Failure to Use Ultrasound Is a Glaring Shortcoming
The diagnosis section of this article cannot go uncontested (1). The authors attach only minor importance to ultrasound. The reason given for this is that displaced gases would quickly limit its utility. This is untrue. Ultrasound must be performed from below in suspected ileus; rising gases then cause no problem. If this advice is heeded, ultrasound is a definitive diagnostic method in many situations (2, 3). A major advantage of it is evaluation of motility and perfusion; contrast agents can be used if needed. The details of ultrasound diagnosis of ileus can be found in textbooks on the subject. Current guidelines establish ultrasound as the first-line method of diagnosis of diverticulitis (4).
X-ray of the whole abdomen is obsolete as a result of its low specificity and sensitivity, for the reasons stated in the article, and should not be performed.
Failure to use diagnostic ultrasound is a glaring shortcoming and should give the authors cause for critical scrutiny of training and outcomes of teaching. The 2011 German X-ray regulation (Section 23) (1) stipulates that X-ray is only to be used if there is an indication that justifies it and that other methods with the same healthcare benefit and no […] radiation exposure should be considered. Thus there are even legal reasons for requiring expertise in ultrasound for intestinal diagnostics. Simply repeating the persistent—and false—premise that ultrasound diagnosis is particularly subjective and dependent on the person who performs it gets us nowhere.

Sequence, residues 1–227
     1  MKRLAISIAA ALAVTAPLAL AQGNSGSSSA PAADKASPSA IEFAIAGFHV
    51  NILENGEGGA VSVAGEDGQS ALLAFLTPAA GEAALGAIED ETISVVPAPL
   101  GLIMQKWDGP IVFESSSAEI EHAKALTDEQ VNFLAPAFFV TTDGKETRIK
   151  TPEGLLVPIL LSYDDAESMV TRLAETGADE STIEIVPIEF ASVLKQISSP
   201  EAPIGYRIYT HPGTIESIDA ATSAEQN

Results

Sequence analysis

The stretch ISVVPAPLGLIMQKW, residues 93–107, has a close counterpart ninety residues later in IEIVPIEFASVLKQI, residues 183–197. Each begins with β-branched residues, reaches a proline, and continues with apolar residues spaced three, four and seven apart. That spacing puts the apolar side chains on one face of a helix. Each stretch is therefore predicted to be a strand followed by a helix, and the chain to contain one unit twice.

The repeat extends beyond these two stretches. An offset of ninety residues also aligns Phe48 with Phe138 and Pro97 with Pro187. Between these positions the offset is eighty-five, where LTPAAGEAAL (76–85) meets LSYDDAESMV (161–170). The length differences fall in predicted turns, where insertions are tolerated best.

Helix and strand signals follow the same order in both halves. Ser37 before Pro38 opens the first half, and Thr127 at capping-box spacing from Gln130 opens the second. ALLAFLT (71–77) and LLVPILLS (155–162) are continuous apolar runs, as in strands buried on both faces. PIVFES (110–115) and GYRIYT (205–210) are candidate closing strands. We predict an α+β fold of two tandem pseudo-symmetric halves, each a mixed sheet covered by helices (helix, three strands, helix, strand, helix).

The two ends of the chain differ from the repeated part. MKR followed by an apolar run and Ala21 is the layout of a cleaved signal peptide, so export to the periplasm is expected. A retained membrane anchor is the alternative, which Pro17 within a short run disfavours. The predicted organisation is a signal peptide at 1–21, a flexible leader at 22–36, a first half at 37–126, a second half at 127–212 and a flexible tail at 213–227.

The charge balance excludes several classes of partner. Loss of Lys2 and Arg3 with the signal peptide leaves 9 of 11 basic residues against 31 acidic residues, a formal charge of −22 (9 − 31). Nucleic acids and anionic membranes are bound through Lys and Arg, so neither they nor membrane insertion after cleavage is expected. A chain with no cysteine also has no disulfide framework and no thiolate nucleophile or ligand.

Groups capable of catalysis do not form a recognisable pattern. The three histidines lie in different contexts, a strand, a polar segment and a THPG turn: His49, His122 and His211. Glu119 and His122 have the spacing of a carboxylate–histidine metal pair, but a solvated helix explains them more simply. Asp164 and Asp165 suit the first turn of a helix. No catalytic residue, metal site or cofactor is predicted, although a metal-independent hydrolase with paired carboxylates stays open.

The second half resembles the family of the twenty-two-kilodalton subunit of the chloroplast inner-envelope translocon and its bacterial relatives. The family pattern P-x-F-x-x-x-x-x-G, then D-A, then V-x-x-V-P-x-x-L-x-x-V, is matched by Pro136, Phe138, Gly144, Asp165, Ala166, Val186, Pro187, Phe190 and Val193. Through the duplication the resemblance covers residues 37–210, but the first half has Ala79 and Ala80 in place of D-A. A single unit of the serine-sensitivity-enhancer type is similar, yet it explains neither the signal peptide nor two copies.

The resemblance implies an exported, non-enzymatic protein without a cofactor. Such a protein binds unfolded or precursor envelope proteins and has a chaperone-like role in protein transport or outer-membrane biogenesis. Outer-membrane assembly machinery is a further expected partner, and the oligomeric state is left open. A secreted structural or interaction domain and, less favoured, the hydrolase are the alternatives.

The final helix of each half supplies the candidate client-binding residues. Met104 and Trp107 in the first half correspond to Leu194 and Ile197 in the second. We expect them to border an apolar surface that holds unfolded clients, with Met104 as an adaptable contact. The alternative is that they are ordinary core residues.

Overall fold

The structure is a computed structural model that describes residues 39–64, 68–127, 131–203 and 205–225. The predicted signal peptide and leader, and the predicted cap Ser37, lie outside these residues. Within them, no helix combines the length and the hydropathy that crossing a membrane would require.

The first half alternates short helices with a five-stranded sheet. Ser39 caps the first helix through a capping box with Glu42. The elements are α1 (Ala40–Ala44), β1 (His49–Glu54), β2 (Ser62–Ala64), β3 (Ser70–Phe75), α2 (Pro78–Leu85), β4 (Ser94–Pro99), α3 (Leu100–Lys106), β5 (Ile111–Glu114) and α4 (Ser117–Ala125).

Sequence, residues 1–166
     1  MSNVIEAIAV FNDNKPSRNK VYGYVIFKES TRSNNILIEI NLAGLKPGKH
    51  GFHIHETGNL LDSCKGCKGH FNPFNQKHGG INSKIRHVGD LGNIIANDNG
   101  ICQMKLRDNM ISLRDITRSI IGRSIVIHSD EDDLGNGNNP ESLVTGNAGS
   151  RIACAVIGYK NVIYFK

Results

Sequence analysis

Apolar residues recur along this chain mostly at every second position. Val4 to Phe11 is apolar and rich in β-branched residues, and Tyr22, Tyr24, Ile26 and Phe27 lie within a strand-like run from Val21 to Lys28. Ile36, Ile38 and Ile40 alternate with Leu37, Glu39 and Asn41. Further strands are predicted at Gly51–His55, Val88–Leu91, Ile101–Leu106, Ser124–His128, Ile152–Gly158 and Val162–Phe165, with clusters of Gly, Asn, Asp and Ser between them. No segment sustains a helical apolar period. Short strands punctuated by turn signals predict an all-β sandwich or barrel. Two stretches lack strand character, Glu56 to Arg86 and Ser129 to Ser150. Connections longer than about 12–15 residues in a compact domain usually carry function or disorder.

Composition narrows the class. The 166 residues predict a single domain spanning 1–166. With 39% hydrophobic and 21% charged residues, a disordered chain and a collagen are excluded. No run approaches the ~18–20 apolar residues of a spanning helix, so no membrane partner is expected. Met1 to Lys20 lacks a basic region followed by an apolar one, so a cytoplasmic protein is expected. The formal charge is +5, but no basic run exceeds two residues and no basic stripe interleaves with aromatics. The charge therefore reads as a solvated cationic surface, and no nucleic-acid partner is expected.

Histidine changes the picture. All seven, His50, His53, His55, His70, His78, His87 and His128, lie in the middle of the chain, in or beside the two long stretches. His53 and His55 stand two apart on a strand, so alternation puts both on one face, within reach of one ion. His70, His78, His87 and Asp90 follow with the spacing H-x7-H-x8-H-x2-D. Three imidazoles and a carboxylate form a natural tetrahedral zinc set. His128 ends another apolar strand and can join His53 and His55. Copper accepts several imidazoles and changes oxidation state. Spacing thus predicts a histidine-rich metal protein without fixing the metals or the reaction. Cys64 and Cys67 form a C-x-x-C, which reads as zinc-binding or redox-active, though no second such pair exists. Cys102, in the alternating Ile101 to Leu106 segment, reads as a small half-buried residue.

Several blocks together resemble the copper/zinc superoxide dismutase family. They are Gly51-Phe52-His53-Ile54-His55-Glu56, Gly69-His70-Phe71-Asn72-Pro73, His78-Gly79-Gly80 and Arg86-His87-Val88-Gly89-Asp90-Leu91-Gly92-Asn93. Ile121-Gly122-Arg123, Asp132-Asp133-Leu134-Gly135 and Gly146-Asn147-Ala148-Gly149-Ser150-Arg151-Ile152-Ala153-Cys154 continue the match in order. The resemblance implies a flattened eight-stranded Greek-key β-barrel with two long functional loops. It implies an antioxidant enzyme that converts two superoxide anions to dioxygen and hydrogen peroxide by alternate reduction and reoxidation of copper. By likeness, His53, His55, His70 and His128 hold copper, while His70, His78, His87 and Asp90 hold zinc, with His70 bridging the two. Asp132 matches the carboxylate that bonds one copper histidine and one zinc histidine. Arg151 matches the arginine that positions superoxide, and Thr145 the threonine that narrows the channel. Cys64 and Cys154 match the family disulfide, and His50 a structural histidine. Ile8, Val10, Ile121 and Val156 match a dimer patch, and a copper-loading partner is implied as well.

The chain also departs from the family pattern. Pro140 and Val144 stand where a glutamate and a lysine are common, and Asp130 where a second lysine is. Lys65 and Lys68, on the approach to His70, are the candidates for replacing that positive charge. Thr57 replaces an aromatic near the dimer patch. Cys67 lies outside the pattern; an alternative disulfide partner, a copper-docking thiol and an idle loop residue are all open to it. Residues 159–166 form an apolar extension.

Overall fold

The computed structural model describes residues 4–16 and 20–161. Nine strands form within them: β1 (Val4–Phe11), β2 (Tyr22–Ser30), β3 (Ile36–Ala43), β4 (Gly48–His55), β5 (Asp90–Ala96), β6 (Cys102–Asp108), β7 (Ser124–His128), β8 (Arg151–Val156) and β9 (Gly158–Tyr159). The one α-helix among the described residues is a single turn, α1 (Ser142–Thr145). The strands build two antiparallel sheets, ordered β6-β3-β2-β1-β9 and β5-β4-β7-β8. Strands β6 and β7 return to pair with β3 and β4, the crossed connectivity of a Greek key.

Dr. med. Matthias Lang
Conflict of interest statement
The author declares that no conflict of interest exists.
|1.||Vilz TO, Stoffels B, Straßburg C, Schild HH, Kalff JC: Ileus in adults—pathogenesis, investigation and treatment. Dtsch Arztebl Int 2017; 114: 508–18 VOLLTEXT|
|2.||Taylor, Mark R: Adult small bowel obstruction. Acad Emerg Med 2013; 20: 528–44 MEDLINE|
|3.||Nylund K, Maconi G, Hollerweger A, et al.: EFSUMB recommendations and guidelines for gastrointestinal ultrasound. Ultraschall Med 2017; 38: e1–15 CrossRef MEDLINE|
|4.||AWMF: S2k Leitlinie Divertikelkrankheit / Divertikulitis www.awmf.org/uploads/tx_szleitlinien/021–020l_S3_Divertikelkrankheit_Divertikulus_2014–05.pdf (last accessed on 30. October 2017)|